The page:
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New leadership at old-line firm.

The guard is changing at one of New York's oldest real estate services firms.

Effective this month, 67-year-old Williams Real Estate will be led by a new management team, which includes Michael T. Cohen, as president and chief executive officer, Andrew Roos as executive vice president and Robert A. Sass as chief operating officer.

The move represents a number of milestones for the company. Cohen, 33, and Roos, 39, are the third generation of the firm's two founding family's. Cohen becomes one of the youngest chief executive officers of a real estate services firm. Meanwhile, Sass will be the first non-Roos or Cohen to oversee the firm's operations.

Most importantly, the change, according to the executives, is critical to Williams' evolution into a more aggressive, diverse and technologically-advanced services firm.

"This is the final step in the transition from a 'mom and pop' organization that we were 20 years ago to a family business run like a major corporation of the 90's," he said.

According to Cohen, the change will "free up" Jerry Cohen, who is handing down the office of president and chief executive officer to his son, and Ed Roos, Andrew Roos' father and predecessor, to concentrate more on their own property investments.

"It's tougher than ever to be a landlord," said Sass.

Founded in 1926, by Victor J. Cohen. and Sydney Roos, Williams is still

independently owned and today maintains a 20 million- square-foot leasing and management portfolio. Roughly 25 percent of that is comprised of buildings owned by the principals of Williams. But, Roos said, those properties are not in competing areas with the third-party assignments.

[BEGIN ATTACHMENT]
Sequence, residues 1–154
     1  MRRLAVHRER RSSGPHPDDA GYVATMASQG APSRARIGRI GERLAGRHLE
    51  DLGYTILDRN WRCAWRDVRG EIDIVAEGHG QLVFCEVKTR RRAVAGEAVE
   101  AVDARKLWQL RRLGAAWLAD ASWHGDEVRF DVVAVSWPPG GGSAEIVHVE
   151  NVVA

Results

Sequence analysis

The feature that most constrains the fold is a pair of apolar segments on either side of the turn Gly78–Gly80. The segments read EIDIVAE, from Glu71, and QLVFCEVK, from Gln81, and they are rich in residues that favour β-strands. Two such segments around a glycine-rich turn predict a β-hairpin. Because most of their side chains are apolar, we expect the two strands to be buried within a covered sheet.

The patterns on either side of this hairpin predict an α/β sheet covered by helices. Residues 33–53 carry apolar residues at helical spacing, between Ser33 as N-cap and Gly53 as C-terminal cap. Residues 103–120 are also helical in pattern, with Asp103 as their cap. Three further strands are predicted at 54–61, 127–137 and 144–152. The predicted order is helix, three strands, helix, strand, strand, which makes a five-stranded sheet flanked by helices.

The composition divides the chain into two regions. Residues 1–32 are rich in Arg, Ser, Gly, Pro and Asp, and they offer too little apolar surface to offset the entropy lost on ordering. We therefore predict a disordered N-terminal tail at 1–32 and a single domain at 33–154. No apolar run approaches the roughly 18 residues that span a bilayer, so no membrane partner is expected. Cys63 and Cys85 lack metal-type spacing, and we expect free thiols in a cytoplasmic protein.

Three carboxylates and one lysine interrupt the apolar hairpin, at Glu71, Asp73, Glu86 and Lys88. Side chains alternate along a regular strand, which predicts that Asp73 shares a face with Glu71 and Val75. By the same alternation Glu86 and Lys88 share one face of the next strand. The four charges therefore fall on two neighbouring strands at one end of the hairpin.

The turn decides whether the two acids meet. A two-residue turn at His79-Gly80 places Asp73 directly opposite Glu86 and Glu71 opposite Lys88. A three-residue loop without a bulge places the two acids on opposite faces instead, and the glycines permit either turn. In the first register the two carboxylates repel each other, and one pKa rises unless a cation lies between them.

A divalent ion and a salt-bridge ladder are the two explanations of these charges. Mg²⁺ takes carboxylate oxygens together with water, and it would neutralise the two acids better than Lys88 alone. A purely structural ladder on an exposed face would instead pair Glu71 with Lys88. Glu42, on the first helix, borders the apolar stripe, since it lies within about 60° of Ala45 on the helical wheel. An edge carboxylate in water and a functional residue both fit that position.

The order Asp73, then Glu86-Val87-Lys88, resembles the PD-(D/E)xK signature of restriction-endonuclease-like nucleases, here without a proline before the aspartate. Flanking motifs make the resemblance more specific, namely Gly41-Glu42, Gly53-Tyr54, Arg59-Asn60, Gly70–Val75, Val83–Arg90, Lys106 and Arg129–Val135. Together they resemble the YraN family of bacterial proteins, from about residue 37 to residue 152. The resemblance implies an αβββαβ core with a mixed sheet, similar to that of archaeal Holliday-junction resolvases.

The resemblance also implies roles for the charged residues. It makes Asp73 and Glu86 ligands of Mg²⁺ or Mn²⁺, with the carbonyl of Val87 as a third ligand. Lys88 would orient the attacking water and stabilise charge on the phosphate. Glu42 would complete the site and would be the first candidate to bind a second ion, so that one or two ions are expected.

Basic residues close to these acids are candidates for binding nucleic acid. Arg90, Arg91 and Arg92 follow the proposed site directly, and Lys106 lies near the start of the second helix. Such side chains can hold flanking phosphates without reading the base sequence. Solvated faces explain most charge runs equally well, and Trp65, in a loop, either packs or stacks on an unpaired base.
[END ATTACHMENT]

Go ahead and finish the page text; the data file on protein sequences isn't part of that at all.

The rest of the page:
"If you're going to be an advocate, you have to be free of conflict," said Roos.

Among their management charges are: 655 Madison, 95 Wall Street, 1 Park Avenue, 304 East 45th Street, 395 Hudson Street, 111 West 57th Street, and 60 Hudson.

Williams represents both tenants and landlords, specializing in the mid-sized-25,000 to 100,000-square-foot -- lease deals, of which they completed roughly 40 in 1992. Some tenant rep deals in 1992 were: 45,000 square feet for USA Networks at Newport Financial Center; 43,000 square feet at CitiCorp Credit Services on Broad Street in New Jersey; 40,000 square feet for the law firm of Sullivan Liapakis at 120 Broad Street; 32,000 square feet for New York Telephone at 866 11th Avenue; and 25,000 square feet for Musicland/Sam Goody at 1211 Avenue of the Americas.

New Directions

Cohen, with the firm since 1981, and Roos, on board since 1975, will together undertake overall management of the firm. The two say they will, along with Sass, take Williams into new service areas and geographic markets while continuing to represent tenants and landlords in the acquisition and disposition of real estate.

The firm will be looking to procure more national and regional accounts. Five years ago, according to Roos and Cohen, the firm hardly did any business out of Manhattan and their repeat business occurred mostly in New York. Today they are exclusive representatives for Paine Webber, Aetna and Fred R. Harris. And they are used "selectively" by such companies as American Express, ITF Hartford, Associated Press, and CitiCorp Credit.

"And that type of business has expanded us overseas," said Sass.

Late last year, Williams formed an alliance with a real estate advisory firm in Mexico City and they recently consulted Bankers Trust on a relocation in Mexico City.